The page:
Stephen has found 3-5pm is the peak in the DCAs he visits in southern England, with the drones arriving first before the queens. However, other beekeepers he knows in Northumberland have said their peak time is earlier - around lunchtime. He feels it’s possible people researching DCAs may tend to generalise too much based on their own experiences, whereas there may be a lot of regional variations based on local geography.

    In his experiences, the ideal summer’s day for DCA finding is 19C+ temperature, with a breeze. He will go out looking for them between 2-5.30pm. There are only a few of these ideal days each year. On days without a breeze he does not find DCAs; his theory is that drones prefer to fly into a breeze as it gives them better control over their flight.

    Have you ever come across a DCA? It must be a wonderful sound to hear on a beautiful summer’s day. 

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  • 06 January 2024 14:27 | Anonymous member (Administrator)


    Are you looking to expand your honeybee and beekeeping knowledge? Then why not consider studying for one of the Scottish Beekeepers Association modules? The module exams will be available to sit this year on Saturday 23rd of March (in both online or written exam centre format), and you can book your place now by clicking here. This will take you to the new format 'jotform' where you can select your module and enter your details and payment. The closing date for registering to sit an exam is the 10th of February.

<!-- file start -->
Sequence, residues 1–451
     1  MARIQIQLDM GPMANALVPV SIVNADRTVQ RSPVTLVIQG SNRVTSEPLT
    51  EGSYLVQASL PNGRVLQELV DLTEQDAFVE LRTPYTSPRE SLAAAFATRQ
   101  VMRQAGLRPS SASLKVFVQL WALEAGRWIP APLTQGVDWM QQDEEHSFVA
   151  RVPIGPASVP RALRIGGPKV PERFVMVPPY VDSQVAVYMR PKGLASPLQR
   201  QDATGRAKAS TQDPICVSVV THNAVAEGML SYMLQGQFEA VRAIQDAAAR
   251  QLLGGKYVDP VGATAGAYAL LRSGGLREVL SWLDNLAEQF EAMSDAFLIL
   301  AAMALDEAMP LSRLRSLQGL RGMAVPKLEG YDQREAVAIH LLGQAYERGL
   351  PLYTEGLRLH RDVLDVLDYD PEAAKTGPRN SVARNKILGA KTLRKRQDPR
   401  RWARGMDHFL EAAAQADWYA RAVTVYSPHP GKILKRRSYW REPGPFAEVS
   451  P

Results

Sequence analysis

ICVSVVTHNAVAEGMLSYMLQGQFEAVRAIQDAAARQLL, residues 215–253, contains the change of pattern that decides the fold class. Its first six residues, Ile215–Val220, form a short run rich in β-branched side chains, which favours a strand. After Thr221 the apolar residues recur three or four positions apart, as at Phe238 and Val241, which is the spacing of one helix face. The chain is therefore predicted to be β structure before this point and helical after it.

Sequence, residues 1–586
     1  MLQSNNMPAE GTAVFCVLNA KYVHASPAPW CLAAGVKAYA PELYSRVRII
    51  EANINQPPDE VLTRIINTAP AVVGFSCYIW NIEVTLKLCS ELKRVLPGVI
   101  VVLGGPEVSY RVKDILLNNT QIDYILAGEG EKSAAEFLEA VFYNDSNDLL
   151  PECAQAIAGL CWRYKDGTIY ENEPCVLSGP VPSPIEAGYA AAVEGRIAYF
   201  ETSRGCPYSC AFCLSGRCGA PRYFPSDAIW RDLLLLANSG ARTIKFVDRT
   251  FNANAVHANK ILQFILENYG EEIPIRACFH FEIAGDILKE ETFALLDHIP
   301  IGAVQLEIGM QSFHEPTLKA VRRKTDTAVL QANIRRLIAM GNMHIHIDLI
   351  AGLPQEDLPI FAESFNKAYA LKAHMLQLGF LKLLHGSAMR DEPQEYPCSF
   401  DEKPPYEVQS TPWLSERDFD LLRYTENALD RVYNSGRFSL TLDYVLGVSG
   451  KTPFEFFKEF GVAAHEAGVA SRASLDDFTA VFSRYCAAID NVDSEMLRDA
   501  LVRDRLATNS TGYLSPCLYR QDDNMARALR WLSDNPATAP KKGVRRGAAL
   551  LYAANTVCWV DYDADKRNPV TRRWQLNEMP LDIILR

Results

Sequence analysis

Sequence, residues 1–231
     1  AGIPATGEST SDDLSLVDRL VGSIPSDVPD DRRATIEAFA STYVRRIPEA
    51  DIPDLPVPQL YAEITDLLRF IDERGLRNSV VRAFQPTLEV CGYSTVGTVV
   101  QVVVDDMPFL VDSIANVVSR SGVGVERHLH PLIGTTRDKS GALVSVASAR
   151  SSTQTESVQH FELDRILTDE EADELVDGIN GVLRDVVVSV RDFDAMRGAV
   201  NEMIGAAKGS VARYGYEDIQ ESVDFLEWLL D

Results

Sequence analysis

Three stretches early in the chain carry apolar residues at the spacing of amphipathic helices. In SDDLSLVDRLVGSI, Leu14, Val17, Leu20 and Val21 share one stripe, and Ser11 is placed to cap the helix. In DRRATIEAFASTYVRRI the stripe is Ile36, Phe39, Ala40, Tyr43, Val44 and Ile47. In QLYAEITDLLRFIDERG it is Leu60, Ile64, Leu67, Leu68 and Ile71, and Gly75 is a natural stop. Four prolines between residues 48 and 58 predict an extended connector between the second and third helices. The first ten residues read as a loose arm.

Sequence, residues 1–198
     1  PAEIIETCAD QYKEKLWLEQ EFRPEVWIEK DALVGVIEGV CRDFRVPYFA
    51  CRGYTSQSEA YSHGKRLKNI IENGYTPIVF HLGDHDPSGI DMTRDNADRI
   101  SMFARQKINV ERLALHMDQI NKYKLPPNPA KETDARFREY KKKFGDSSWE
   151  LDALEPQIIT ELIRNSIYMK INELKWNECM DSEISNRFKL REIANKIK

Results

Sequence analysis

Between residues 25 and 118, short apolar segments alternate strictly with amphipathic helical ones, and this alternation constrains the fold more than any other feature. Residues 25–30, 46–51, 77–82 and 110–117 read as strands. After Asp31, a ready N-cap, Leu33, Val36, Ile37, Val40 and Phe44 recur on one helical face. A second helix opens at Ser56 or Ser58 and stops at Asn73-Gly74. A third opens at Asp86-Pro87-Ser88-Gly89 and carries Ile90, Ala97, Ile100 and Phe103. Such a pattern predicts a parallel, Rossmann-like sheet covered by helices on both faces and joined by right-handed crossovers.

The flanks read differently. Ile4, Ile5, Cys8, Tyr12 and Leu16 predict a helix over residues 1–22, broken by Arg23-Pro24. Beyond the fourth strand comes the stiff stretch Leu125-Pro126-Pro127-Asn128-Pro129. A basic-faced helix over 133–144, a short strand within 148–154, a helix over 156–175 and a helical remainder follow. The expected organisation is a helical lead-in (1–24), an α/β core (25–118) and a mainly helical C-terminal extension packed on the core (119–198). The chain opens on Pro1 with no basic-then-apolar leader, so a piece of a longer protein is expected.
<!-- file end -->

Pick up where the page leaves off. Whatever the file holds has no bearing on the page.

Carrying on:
For information on all the modules and details of their syllabuses please click here.

    There is a new module for 2024, Plants and Pollinators

    This new module is designed to enhance a beekeeper's knowledge of the interactions between plants and pollinating insects and covers a wide range of topics including; how a plant grows and develops, the pollination strategies employed by plants and the pollination activities including transportation of pollen and typical plants visited by solitary bees, bumblebees, and honey bees.

    More information on the full list of topics covered and the learning outcomes for this new module can be found by downloading the syllabus here.

    The Microscopy exam will also be held this year, on Saturday 9th of March, so if you have participated in Microscopy workshops and would like to sit this exam, please click here to register before the 10th of February.

    Just think of what you'll gain by embarking on this journey!

  • 31 December 2023 18:04 | Anonymous member (Administrator)

    Brace yourself, 2024 is almost here. Time to start preparing for the ‘unknown knowns’ and perhaps making plans to try something new. Happy New Year from David!

    Read the Apiarist Blog Post Here

  • 28 December 2023 14:08 | Anonymous member (Administrator)

    January Webinar

    The Scottish Beekeepers Association  January Webinar is scheduled for Wednesday 10th of January starting at 19.30, when US Air Force Security Forces Veteran and Iowa Bee Farmer - Master Sgt Katie Flinn will discuss overcoming Post Traumatic Stress Disorder (PTSD) and mental health problems through beekeeping. She will also introduce the charity ‘PTSD and Pollinators’ that she supports to help veterans overcome PTSD.

    If you would like to find out more about this fascinating subject and book your free place, please click on the link below